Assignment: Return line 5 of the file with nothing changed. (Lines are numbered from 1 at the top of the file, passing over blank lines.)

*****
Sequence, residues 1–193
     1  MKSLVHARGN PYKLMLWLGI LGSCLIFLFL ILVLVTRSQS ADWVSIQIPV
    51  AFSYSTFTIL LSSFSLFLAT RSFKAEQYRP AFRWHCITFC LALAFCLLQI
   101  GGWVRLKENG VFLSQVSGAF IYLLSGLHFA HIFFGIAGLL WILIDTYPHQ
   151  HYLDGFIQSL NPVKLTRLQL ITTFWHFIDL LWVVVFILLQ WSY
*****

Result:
   151  HYLDGFIQSL NPVKLTRLQL ITTFWHFIDL LWVVVFILLQ WSY